Despite the popularity of 3-D, the industry has not lost focus on total conversion. This year, the top three circuits in the U.S. announced their intent to install 4K projection technology throughout. This is a major switch because two of these circuits were committed to 2K technology only a year ago. One might ask if the change is due to a concern for presenting higher quality images to those who sit close to the screen or to the marketing power of the 4K number. Interestingly, the announcements for 4K are somewhat incongruous with the 3-D trend because there is no such thing as 4K 3-D in D-Cinema. SMPTE D-Cinema standards and the DCI specification permit only 2K 3-D. Still, the fact that sights are set on 4K flags the desire for total conversion of screens, not just a partial conversion to digital 3-D.

The 4K trend will cause a shift in the way D-Cinema technology is packaged and sold. Although Sony Electronics has always been on the 4K projection path, competitor Texas Instruments only this year announced its intent to produce a 4K DLP light engine that will install in its forthcoming Series 2 projector. Logistics come into play. It would require eight HD-SDI cables (4x dual-link) to carry 12-bit 4:4:4 color to the projector if an external 4K server were used. The sheer expense and clumsiness of such an interconnect guarantees that 4K media blocks will always be internal to 4K projectors. However, internal media blocks must still be accompanied by off-the-shelf storage and a screen management system (SMS). As internal media blocks and the servers that drive them become commodities, the 4K transition will spotlight those companies that successfully navigate the migration from hardware producers to software entities.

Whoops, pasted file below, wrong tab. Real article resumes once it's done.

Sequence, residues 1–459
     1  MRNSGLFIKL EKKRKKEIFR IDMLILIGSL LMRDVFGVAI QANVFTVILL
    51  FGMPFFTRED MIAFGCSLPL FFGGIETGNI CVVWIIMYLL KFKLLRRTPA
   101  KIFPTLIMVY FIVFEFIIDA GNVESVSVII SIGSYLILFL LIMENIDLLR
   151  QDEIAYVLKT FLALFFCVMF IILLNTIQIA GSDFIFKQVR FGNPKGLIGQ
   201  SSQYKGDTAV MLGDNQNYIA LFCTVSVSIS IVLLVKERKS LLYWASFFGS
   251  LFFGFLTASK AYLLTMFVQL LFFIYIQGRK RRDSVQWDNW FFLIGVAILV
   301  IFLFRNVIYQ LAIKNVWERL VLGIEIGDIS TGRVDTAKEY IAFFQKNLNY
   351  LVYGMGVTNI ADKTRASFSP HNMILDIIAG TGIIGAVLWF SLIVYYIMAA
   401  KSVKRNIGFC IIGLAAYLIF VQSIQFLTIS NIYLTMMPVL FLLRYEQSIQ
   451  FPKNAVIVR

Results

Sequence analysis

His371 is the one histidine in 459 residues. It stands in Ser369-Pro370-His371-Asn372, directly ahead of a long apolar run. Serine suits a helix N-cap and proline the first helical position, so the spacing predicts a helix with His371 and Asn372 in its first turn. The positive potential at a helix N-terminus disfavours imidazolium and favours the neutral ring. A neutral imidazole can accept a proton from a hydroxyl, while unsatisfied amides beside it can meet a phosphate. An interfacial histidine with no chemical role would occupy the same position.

This year, the SMPTE 21DC Technology Committee completed its work on the digital cinema package (DCP). The development work for this began in late 2001, producing 16 standards, including affiliated documents. The SMPTE DCP, as it is often called, incorporates 2-D, 3-D, 24 frames/sec, 48 frames/sec, and 2K and 4K images, as well as up to 16 channels of audio in labeled formats. (The exception, as mentioned earlier, is that 4K content cannot include 48 frames/sec and 3-D images.) The flexibility of the format well exceeds that of 35mm film.